9:56 PM on 07.21.2013

Getting the Most from Part-Time Gaming

The Problem
Mildly hung-over at 9:30 in the morning, I was recognized as a Peggle master. A unicorn, a pumpkin, and the other Peggle Guides welcomed me into their fold and my achievement was recognized. It was a unique achievement for me- something I never planned on, never aspired to, and will never proudly proclaim. My girlfriend, fast asleep next to me, had no idea that I was suddenly that much more accomplished. Hopefully, she never will. I wish that I hadnít actually played Peggle.

The problem isnít that I donít have other games. I have lots of other games. The problem is that I have limited time and I donít know where to start. Peggle is easy. Itís there, you can be playing as soon as you activate your device, and you can stop in the middle at the slightest interruption. Itís the perfect unplanned distraction and thatís why my victory was so hollow Ė thereís nothing to Peggle, so finishing the game really rubs in the fact that your life has only been changed by a loss of that time and a dubious mastery.

Some would argue that any time spent playing games is time wasted, but that argument commonly relies on premises like ďgames are worthlessĒ or possibly ďall diversionary activities are worthless.Ē Both arguments seem way too Puritan to take seriously.

That said, there are games that provide a richer experience than others. Games can add to your life by telling stories, cultivating friendships, and more generally being really engaging entertainment. As reviews show, there are lots of games that do that, and, as my collection shows, I own a lot of those games, so why was I playing this casual nonsense?

When you donít have much time, the 20-40 hour game that provides a deeper experience seems daunting. Youíre probably going to have to learn a control scheme, an inventory system, a range of characters, several maps, and pick up pieces of knowledge that are only useful for that game. Even if your NPC companions are yelling ďFire works best on goblins!Ē you need to remember where the map is and how to give a goddamned potion to that glass cannon of a mage that keeps running into the middle of the fray. If I know I have thirty minutes to kill, spending those minutes trying to recall exactly what I was supposed to do with a glowing elixir just donít seem like immediate fun.

What Makes it Worse
The problem is made worse by the all too common first world problem of a backlog. Many of us picked up a gaming habit when we had more free time and less disposable income. Even though you may have less time to game now, games are better than ever, cheaper than ever, and you probably have more disposable income. Thus, the backlog Ė that collection of games that got an 80% or more on Metacritic or were recommended by a buddy or scratch a nostalgia list that youíve really been meaning to get around to. So now that youíre confronted with a free thirty minutes, which of those gems do you start up? †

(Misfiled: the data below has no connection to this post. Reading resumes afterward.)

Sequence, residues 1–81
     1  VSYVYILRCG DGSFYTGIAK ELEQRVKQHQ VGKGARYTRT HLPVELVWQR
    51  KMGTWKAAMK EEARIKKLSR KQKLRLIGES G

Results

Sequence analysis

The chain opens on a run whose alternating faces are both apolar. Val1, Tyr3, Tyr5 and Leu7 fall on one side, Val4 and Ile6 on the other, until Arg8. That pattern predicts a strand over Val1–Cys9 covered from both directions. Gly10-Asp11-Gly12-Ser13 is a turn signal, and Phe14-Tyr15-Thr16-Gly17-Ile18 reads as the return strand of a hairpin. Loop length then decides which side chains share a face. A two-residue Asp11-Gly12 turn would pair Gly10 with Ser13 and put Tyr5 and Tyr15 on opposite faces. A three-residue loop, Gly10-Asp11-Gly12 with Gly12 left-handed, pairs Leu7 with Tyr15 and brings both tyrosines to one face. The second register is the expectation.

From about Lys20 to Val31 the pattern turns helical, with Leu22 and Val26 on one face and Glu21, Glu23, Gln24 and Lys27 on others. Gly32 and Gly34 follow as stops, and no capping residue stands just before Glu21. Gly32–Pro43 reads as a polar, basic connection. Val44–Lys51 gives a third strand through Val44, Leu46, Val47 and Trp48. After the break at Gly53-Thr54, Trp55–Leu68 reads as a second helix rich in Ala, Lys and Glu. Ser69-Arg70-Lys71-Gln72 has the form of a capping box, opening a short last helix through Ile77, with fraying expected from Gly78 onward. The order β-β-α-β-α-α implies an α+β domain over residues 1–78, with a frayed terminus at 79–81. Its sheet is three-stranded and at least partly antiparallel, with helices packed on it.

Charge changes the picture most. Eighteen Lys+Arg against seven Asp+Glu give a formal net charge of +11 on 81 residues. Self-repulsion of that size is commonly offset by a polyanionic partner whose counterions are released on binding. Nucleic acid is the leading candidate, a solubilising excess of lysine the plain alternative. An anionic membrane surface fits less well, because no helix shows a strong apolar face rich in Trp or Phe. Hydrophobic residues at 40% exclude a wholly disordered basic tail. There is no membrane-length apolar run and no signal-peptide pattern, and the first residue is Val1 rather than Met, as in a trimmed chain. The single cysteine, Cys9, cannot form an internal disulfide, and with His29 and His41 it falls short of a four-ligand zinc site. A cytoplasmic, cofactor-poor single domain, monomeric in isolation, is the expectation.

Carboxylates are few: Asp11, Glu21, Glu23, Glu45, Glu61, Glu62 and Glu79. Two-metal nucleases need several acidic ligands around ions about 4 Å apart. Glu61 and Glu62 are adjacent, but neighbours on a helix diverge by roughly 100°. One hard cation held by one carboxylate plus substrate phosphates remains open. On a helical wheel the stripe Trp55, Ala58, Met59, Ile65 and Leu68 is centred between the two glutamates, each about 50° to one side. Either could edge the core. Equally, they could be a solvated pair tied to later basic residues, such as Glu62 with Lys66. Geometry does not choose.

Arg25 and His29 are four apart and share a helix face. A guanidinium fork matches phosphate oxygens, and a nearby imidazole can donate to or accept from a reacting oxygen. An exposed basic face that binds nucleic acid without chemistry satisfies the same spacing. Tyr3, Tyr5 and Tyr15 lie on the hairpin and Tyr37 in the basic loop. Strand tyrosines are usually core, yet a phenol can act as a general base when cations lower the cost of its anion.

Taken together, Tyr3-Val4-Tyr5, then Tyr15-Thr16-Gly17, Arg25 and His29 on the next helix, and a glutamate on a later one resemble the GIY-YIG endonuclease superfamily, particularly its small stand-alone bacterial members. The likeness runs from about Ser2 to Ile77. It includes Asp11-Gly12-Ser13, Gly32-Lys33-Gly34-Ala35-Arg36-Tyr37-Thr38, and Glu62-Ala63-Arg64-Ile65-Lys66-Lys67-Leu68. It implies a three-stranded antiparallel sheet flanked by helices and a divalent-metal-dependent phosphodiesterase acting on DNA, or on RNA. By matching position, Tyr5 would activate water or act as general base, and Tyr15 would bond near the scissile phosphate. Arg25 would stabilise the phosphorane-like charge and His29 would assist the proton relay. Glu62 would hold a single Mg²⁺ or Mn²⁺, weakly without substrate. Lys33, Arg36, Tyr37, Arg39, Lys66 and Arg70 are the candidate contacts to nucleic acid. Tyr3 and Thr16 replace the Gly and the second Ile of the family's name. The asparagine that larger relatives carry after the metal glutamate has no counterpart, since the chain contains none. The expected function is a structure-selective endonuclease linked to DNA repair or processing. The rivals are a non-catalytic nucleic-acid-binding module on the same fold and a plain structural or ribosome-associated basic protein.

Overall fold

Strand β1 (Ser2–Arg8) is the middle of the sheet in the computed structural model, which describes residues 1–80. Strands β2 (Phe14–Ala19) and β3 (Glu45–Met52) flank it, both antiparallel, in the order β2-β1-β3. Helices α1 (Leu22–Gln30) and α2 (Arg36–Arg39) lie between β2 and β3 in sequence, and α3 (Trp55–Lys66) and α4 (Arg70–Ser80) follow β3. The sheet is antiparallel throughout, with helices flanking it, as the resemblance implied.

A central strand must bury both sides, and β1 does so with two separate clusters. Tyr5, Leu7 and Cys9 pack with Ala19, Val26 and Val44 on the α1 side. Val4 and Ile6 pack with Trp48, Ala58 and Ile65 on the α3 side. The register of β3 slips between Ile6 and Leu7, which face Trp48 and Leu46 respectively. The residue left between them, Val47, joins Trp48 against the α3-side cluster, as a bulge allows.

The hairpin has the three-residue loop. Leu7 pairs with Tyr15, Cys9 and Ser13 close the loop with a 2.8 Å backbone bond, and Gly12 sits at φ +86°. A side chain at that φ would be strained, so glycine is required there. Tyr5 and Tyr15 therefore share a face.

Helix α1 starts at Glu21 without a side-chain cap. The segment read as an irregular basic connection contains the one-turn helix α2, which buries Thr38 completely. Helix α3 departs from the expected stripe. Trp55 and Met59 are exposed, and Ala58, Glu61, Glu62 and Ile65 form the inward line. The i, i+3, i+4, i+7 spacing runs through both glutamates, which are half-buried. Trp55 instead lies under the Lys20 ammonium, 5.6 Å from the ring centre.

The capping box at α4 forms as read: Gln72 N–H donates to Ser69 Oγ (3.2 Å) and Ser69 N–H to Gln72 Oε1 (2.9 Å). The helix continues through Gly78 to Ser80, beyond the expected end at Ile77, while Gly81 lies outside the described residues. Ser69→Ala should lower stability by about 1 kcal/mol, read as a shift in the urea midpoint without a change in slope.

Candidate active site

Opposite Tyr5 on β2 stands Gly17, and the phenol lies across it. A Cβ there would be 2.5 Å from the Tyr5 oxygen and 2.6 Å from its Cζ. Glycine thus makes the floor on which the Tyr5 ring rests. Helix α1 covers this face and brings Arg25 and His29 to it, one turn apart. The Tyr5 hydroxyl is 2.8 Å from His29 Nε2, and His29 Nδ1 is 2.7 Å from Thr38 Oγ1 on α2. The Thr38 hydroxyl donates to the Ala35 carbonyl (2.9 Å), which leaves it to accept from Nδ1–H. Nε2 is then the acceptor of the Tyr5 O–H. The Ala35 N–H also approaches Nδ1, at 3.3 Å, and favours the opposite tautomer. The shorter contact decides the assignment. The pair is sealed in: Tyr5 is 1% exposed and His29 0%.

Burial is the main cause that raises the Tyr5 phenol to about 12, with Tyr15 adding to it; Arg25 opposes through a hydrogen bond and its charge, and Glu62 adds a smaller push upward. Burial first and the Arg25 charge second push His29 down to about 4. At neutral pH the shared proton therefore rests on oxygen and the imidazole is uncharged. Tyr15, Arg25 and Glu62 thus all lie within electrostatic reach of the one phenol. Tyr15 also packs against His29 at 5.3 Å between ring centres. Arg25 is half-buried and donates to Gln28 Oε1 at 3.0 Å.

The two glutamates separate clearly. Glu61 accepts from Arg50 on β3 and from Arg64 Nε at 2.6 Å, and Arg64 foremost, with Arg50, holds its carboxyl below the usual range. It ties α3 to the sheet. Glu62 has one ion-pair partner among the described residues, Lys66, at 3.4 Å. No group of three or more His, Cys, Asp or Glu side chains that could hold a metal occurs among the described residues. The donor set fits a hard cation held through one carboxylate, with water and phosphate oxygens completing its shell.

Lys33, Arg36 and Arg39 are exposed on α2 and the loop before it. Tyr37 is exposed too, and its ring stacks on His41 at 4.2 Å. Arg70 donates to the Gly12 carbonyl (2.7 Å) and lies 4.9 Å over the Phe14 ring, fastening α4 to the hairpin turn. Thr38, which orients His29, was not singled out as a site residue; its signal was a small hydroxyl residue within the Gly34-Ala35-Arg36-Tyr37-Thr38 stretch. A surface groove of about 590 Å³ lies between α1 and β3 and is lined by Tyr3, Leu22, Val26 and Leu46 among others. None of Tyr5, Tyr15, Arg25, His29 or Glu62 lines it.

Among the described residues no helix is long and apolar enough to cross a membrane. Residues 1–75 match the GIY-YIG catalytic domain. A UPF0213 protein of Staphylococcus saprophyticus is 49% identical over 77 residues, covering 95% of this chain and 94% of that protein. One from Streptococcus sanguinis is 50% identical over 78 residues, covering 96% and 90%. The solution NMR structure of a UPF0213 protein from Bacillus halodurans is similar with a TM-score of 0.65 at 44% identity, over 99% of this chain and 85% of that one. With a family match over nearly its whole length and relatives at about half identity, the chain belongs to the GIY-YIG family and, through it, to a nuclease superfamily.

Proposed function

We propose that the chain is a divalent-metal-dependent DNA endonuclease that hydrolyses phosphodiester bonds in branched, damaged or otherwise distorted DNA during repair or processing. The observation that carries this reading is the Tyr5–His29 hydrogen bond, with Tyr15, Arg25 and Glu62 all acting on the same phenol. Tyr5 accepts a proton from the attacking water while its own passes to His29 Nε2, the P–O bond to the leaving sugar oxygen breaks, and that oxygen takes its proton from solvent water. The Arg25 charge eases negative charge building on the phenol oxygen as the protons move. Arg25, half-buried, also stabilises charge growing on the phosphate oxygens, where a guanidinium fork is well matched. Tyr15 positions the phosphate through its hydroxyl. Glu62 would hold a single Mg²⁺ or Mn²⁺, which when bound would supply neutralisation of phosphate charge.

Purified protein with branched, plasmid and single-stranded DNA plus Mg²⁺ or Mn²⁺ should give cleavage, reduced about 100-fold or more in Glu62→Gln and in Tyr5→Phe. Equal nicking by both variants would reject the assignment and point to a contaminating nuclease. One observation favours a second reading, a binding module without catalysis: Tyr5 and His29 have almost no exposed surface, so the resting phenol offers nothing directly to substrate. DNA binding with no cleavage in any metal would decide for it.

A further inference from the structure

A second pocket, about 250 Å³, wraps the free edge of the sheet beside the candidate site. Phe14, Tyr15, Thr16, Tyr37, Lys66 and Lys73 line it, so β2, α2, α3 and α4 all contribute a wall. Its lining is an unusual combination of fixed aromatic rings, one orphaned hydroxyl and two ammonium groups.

What Hasn't Been Helping
You would think that reviews would help. Some of them do, but most of them donít. Thatís not because the reviews are fixed (though some may be), or the grades are meaningless (though they often are), or the reviewers donít have the same tastes as you (though they might) Ė but itís because the reviewers are in a different situation than you. Theyíre paid to review and they can and often must devote hours at a time to playing a game to get the review out on schedule. Their experience of the game will be fundamentally different from yours because they are experiencing the game in a fundamentally different way. So while they can tell you that the game may potentially be an A or 5 stars or 95%, that doesnít matter. Itís like a foodie has told you that you should have lobster for dinner, but youíve got to be out the door in the next thirty seconds. While itís objectively true that lobster tastes better than that stick of pepperoni that you grabbed, the lobster isnít even an option.

What I Propose to Do
I need a different review and, if your constraints and backlog is like mine, you may as well. Iím going to try reviewing games from the distracted gamerís perspective. One where the system isnít turned on for weeks at a time, where the most frequent chunk of time available for gaming is thirty minutes and you feel completely overjoyed when youíve got an hour to yourself every other weekend. These reviews will try to help get the most out of that limited time by taking into consideration things like: time needed to get to gameplay, familiarity of control schemes, ease of saving unexpectedly, and the sheer enjoyment you can get out of a small amount of playtime. More importantly, I'm going to be revisiting the good games that you probably have or see on sale in a bargain bin but don't know if you should start. I hope that youíll find it useful.   read